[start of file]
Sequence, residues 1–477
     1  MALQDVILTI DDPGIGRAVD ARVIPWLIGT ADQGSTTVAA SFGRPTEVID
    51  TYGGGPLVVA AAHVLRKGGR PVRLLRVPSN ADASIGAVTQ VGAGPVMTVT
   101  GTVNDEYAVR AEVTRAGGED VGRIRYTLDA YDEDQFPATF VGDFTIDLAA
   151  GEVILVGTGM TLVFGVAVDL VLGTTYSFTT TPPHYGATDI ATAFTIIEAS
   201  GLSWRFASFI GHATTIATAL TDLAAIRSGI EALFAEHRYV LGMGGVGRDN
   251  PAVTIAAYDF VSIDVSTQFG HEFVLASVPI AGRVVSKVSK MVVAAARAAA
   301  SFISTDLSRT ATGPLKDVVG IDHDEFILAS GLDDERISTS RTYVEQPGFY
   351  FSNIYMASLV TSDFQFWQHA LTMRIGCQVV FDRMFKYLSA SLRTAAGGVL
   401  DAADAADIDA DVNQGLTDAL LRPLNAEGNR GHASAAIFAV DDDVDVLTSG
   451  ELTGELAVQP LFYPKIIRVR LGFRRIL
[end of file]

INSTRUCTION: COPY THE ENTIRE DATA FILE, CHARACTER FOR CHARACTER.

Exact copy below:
Sequence, residues 1–477
     1  MALQDVILTI DDPGIGRAVD ARVIPWLIGT ADQGSTTVAA SFGRPTEVID
    51  TYGGGPLVVA AAHVLRKGGR PVRLLRVPSN ADASIGAVTQ VGAGPVMTVT
   101  GTVNDEYAVR AEVTRAGGED VGRIRYTLDA YDEDQFPATF VGDFTIDLAA
   151  GEVILVGTGM TLVFGVAVDL VLGTTYSFTT TPPHYGATDI ATAFTIIEAS
   201  GLSWRFASFI GHATTIATAL TDLAAIRSGI EALFAEHRYV LGMGGVGRDN
   251  PAVTIAAYDF VSIDVSTQFG HEFVLASVPI AGRVVSKVSK MVVAAARAAA
   301  SFISTDLSRT ATGPLKDVVG IDHDEFILAS GLDDERISTS RTYVEQPGFY
   351  FSNIYMASLV TSDFQFWQHA LTMRIGCQVV FDRMFKYLSA SLRTAAGGVL
   401  DAADAADIDA DVNQGLTDAL LRPLNAEGNR GHASAAIFAV DDDVDVLTSG
   451  ELTGELAVQP LFYPKIIRVR LGFRRIL